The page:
Sunday, 21 September 2014

Lovely Blog Awards Times Three!

It has been a very hectic time recently, work has been very busy, had a nasty cold and have been preparing for the trip to Canada to speak at the Kelowna and District Genealogical Society "Harvest Your Family Tree"conference.


I have come up for air and was surprised to find that I had been nominated, not once but three times, for a One Lovely Blog Award!


Thank you to Alona for the nomination: Helen is a good friend of mine, and she is a great genealogist and blogger as well. Very enthusiastic and passionate (not to mention knowledgable) on all things genealogy. I learn a lot from her and her posts.   

For anyone that doesn't know Alona (is there anyone that doesn't know Alona?) she has a number of blogs including the fantastic Memorabilia House which is a wonderful way of sharing family ephemera an their stories. She is the Social Media Queen for Gould Genealogy where she keeps us all updated with family history news and also writes the LoneTester HQ Blog. I really don't know where she manages to find the time to maintain them all but I am very pleased she does.

The second nomination was from Sharon Fritz from Victoria of Strong Foundations blog



From Helen V Smith's keyboard.  Helen is very well known but I include her here as I find her very inspirational.  Helen works full time but somehow manages to be very active in the genealogical community.  She has assisted me several times with research and inspired me to commence doing studies in genealogy, which I am enjoying immensely. Thank you for your support and assistance Helen.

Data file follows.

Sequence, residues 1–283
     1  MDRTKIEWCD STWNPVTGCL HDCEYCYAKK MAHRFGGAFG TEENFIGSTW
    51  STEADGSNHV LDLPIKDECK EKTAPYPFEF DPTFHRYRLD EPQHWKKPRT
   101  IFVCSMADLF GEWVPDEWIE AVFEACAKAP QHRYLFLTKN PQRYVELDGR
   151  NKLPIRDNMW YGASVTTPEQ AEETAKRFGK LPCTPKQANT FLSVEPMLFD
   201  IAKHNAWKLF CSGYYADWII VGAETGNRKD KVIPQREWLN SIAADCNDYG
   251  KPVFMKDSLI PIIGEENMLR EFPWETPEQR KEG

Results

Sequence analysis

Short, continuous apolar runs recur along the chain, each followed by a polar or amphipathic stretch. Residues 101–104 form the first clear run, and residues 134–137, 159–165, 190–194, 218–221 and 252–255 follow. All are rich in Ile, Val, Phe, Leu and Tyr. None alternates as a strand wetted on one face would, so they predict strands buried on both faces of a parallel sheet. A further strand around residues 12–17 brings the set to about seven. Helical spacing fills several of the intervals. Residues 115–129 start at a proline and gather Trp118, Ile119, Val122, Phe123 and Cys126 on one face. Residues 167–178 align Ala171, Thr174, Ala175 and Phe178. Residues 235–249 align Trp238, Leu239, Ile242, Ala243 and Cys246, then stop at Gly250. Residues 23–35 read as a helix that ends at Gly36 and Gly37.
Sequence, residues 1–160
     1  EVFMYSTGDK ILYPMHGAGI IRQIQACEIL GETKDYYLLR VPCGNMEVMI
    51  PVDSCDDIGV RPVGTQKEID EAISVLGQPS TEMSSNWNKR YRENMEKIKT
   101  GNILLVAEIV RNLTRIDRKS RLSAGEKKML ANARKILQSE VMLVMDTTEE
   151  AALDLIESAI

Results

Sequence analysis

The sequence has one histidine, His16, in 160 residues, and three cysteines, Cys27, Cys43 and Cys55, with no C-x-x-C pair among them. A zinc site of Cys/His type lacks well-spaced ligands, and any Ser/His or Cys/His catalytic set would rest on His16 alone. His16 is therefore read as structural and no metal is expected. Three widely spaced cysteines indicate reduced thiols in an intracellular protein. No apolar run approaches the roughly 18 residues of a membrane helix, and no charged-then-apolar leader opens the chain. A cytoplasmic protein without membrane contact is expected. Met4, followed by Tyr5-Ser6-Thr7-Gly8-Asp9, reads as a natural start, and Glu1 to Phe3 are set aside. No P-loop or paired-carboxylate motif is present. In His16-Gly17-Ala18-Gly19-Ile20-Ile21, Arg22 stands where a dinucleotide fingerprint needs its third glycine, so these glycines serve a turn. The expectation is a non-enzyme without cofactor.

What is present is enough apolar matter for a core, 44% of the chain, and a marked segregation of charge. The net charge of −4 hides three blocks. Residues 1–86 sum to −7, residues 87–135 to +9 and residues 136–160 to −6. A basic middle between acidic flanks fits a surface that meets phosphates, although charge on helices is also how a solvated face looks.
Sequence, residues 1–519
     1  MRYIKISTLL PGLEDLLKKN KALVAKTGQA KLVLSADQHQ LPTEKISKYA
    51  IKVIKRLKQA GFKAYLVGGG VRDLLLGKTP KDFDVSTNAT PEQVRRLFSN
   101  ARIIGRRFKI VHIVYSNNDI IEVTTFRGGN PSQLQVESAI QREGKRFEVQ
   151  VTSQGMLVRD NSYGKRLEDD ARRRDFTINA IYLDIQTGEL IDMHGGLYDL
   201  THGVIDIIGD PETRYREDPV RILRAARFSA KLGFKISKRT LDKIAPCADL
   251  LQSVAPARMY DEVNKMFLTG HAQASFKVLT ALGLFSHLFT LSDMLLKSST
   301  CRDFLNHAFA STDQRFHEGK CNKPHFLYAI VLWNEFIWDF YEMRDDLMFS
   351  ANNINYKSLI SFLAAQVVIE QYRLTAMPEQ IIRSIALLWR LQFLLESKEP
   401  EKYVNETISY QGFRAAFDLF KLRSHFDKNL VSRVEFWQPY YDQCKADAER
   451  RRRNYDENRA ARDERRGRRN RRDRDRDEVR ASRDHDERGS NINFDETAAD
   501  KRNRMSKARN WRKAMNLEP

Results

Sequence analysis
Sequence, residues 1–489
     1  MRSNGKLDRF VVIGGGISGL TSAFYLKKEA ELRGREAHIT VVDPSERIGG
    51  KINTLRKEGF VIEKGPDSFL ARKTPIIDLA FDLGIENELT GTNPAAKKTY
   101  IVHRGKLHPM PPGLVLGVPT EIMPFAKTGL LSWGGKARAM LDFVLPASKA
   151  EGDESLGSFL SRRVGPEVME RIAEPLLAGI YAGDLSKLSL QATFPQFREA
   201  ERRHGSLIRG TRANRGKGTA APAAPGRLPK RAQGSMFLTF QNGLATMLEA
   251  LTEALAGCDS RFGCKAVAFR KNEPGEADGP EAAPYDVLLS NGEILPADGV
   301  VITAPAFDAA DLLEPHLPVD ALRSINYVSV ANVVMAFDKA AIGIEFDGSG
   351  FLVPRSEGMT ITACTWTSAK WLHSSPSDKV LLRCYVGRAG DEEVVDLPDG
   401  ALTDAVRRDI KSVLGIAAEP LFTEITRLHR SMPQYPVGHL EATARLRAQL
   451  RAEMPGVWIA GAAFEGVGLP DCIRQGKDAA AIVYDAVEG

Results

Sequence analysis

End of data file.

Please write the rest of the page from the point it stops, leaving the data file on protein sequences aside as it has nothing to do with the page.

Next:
The third nomination was from Sharn White of Family History 4 U who scored very well in the recent Genealogy RockStars  in the Australian category. Sharn writes a number of blogs. You can find out more about Sharn and her other blogs from this Geneablogger interview. She said "Helen's blog posts are always well researched and brimming with fascinating information. A must read."

From Helen V Smith's keyboard.  Helen is very well known but I include her here as I find her very inspirational.  Helen works full time but somehow manages to be very active in the genealogical community.  She has assisted me several times with research and inspired me to commence doing studies in genealogy, which I am enjoying immensely. Thank you for your support and assistance Helen. - See more at: http://shazlex.blogspot.com.au/#sthash.UTWOznLY.dpuf

I was thrilled and honoured to get one nomination let alone three. I blog to share my thoughts  and sometimes you are not sure anyone reads or cares about what you write so it is humbling and yet glorious also to know that people read and enjoy your writings.


Here are the rules for the One Lovely Blog Award:
• Thank the person that nominated you and link back to that blog.
• Share seven things about yourself – see below.
• Nominate 15 bloggers you admire – also listed below (or as many as you can think of!).
• Contact your bloggers to let them know you’ve tagged them for the One Lovely Blog Award.

So seven things about me: 

I was born in Brisbane, Queensland, Australia, a 5th generation Queenslander on my Mum's side and first generation on my Dad's. He was born in England and emigrated in 1949. I am 4 foot ten and a quarter inches (hey that quarter is important!) and would be dinosaur bait without my glasses. I have been researching my family history since 1986 and am totally addicted.

Me in Salt Lake City at RootsTech 2013
I am a professional researcher, author, speaker and do a fair bit of lecturing on  wide variety of topics. I have lectured in every Australian State and Territory, New Zealand, England and will be speaking in Canada in September and at Rootstech in the USA in February. I have also spoken on five Unlock the Past cruises and have been part of the organising team for the cruises. A family history conference while you are being pampered and looked after on a cruise and touristing works for me!